By Eliska Counce, TSB Columnist
Ah, the dog days of summer. The last weeks before school cranks back up. It’s a dicey time for parents. All the vacations are done. The beach has been seen. The relatives have been visited. We’ve gone to every kids’ movie Hollywood has seen fit to put out this summer, regardless of its quality (or lack thereof). We’ve splashed in every form of chlorinated water: jumped in pools, whizzed down water slides, danced on splash pads. We’ve inflated every raft, ball, and water wing in the Western Hemisphere. We’ve eaten ice cream, slushies, and sno cones. We’ve conquered every bounce house and indoor trampoline park that would let us in.
Yeppers, we have seen and done summer at this point. Now, as the temperatures spike into the 100s, and the last few weeks of the school break unspool, I find myself in a conundrum: what the heck do I with all these people in my house? Because I’ve seen what happens if I allow it: my children will stare at their television, computers, gaming systems, or any other electronic device they can find until, not unlike a Shel Silverstein poem, their faces would turn into screens and their ears to buttons.
To wit: my seven-year-old son has listened to two Psy songs on my iPod so often, I fear I’m going to find him dressed in a tight suit and women’s sunglasses next. It can’t be good for the psyche. My nine-year-old loves Pokemon more than cake. And my six-year-old daughter simply shouldn’t be able to sing along with the title sequence of every pre-teen piece of pablum the Disney channel can regurgitate. It simply isn’t right.
But what to do? North Texas has got to be like North Dakota in the dead of winter. You just can’t leave the house. In North Dakota, your face would freeze before you got your car down the street. In Texas, my little white babies might just combust by the end of the block this time of year. The impetus is on me: Alex, I’ll take “Kids’ Entertainment That is Cheap or Free and Preferably Indoors” for five hundred.
But I’m a wily sort; y’all know me. Imma plot and scheme. And in my infinite wisdom, I somehow decide during a break in the 100-degree temps to take my golden retriever and the kids to the city dog park. It’ll be fun, I told myself. It’s shady. The kids can frolic with other dogs. The dog can frolic with other dogs. Maybe I can sit and drink a cherry limeade. Yes, let’s go to the dog park! Oh, there is no optimism like the optimism of parent with a plan.
Alas, as they say: the best laid plans of mice and men. Or in this case, of hapless mothers with fat golden retrievers. After the obligatory half-hour house departure prep (see previous blog) and a swing by Sonic for tasty drinks, the dogs, the kids, and I are all trundling to town for our dog park adventure. But what happened next? I like to call it the parental “Oh, no, you don’t.”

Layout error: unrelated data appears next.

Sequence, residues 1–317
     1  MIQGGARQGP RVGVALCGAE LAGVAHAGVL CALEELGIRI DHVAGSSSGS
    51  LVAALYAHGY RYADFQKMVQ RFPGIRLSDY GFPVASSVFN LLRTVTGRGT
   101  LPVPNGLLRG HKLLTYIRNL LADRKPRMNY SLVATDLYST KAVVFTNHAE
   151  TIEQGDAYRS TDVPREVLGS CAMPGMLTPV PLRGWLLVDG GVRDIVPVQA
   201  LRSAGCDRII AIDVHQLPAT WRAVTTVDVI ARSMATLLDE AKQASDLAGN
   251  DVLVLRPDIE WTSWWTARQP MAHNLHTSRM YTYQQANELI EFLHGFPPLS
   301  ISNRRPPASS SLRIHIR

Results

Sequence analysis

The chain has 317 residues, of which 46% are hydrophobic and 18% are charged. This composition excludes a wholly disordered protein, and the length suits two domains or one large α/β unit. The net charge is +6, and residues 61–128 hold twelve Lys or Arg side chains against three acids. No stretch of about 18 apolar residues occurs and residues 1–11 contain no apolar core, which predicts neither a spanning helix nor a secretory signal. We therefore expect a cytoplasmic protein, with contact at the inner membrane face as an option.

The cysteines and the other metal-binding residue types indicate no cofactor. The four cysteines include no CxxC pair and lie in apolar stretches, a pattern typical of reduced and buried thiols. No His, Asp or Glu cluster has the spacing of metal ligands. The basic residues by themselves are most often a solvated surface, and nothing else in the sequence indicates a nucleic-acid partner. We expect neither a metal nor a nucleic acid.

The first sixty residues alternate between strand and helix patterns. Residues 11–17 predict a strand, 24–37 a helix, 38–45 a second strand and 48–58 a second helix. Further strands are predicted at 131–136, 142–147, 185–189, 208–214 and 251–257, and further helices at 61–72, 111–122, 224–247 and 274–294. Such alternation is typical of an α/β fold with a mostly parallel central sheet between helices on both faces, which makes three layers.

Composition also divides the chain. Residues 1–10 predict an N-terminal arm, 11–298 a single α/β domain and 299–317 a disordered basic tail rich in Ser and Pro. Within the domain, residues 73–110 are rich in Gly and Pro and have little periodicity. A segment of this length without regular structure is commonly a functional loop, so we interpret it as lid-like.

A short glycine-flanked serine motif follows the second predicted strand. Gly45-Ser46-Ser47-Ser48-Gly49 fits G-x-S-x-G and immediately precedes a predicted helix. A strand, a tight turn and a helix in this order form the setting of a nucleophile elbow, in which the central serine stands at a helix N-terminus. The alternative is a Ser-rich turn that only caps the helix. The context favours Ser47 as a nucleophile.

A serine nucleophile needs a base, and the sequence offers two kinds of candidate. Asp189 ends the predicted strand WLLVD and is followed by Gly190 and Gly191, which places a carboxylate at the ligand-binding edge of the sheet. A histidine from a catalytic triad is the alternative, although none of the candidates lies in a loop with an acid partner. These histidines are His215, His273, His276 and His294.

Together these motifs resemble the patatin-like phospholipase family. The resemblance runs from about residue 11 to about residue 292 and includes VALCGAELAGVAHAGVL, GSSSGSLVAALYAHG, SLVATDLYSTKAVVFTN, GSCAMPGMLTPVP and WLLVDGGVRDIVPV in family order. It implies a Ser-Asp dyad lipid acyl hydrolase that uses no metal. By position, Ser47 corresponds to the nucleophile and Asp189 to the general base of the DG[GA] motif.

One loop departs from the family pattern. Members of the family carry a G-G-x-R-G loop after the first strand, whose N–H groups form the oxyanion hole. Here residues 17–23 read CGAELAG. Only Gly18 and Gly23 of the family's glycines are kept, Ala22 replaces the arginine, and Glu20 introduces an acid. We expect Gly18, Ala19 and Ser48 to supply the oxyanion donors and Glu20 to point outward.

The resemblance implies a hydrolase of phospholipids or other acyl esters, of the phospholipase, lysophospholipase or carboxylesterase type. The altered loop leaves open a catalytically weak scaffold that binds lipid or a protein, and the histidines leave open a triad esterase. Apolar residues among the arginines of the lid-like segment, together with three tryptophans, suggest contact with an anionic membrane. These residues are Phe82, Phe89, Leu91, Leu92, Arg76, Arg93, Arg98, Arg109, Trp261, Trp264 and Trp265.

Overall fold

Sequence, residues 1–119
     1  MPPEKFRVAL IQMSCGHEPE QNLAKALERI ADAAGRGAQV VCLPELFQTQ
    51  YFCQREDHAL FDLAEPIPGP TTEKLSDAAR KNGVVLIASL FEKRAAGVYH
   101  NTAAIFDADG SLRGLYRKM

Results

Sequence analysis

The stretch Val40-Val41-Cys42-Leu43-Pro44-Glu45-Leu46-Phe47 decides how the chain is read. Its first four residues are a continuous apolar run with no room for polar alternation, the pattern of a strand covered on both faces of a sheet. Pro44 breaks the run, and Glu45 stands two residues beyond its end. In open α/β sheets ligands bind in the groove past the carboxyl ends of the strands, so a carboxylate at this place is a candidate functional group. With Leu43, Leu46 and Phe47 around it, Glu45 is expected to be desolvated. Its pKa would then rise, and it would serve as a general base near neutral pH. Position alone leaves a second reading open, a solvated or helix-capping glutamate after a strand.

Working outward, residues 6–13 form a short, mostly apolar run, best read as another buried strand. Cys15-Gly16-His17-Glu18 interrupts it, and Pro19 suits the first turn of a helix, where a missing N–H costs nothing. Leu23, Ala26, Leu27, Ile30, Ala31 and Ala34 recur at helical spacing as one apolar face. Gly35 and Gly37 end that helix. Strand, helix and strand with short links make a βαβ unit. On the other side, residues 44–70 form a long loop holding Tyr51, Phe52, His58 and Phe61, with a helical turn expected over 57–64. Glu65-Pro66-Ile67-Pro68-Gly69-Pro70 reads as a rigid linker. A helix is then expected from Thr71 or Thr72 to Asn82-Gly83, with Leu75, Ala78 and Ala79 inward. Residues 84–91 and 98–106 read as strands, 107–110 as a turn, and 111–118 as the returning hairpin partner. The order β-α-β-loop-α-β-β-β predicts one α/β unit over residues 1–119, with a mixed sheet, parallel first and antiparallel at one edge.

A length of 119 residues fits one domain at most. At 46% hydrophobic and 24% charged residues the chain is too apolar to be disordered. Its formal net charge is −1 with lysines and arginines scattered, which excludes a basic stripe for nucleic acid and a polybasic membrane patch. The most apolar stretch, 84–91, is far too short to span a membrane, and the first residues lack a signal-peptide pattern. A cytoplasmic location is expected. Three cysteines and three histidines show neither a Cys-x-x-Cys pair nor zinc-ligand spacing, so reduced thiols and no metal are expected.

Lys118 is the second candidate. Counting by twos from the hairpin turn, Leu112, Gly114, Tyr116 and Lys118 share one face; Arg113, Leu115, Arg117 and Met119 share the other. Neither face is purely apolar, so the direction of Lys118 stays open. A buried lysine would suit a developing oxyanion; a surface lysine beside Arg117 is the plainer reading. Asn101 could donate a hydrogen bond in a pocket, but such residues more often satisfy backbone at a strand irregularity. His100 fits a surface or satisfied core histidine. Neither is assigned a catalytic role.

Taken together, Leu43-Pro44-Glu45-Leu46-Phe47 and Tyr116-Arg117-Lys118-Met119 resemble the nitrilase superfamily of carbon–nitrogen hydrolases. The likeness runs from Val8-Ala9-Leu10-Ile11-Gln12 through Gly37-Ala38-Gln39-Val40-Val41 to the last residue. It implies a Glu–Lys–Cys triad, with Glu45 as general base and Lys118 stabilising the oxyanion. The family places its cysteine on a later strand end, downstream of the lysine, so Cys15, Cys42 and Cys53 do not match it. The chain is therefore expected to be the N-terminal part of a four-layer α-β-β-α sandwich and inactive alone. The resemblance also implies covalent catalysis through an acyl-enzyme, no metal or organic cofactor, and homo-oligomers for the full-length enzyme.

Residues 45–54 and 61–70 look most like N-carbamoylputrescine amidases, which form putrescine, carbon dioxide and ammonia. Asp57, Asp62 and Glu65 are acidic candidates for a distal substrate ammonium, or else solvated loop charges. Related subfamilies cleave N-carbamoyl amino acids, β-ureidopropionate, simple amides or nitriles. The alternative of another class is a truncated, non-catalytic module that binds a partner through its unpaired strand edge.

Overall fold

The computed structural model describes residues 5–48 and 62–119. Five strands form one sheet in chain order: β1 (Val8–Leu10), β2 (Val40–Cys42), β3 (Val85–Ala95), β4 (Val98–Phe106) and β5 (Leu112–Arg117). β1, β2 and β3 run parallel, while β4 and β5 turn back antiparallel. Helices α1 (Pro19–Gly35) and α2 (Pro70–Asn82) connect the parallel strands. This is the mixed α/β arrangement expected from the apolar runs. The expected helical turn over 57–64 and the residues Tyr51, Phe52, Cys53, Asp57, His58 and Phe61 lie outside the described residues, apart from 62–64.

You know this phenomena, parents. Got a babysitter and plans? Oh, no, you don’t. Your kid will get sick. Got an important presentation at work and only one decent outfit? Oh, no, you don’t. You will be vomited on or discover one of your shoes eaten by a pet. Have a day you can actually sleep in? Oh, no, you don’t. The kid’s up a five needing an escort to the bathroom. You get the concept, I’m sure.
Would we have a darling time at the dog park? Oh, no, you don’t. Because your golden retriever is the only canine in the world who makes like a beeline for the picnic table top to climb atop and perch. She will not get down until urged. There are only three other dogs in the park. The kids are nonplussed by the lack of frisky new canine pals to make friends with, and they’re hot outdoors. When finally forced off the table top, the dog is hostile to the other dog who amiably tried to make friends and looks (as much as a dog can) completely taken aback at my pet’s rudeness.
Summer entertainment fail! In shame, I pack up my recalcitrant canine and my brood of babies back into my van, the Blazebago, having spent more time getting to the dog park and back than we were there. Sigh. Even the seven year old had the insight to say as we pulled out, “Wow, Mom. That was a COMPLETE waste of time.” Thanks, kid.
Wish me luck. Heck, send me ideas. Or better yet, a duffel bag of money. Maybe if I ship this crew to Epcot or something I could fulfill their amusement needs over these last, lingering, smoking hot summer days. I’d pay some puppeteers or something. Because as of right now, all I have to rely on is my wits and the grace to limp into the upcoming school year and have yet another long, hot, Texas summer at home with the kids under my belt. But the dog? That one is so totally on her own.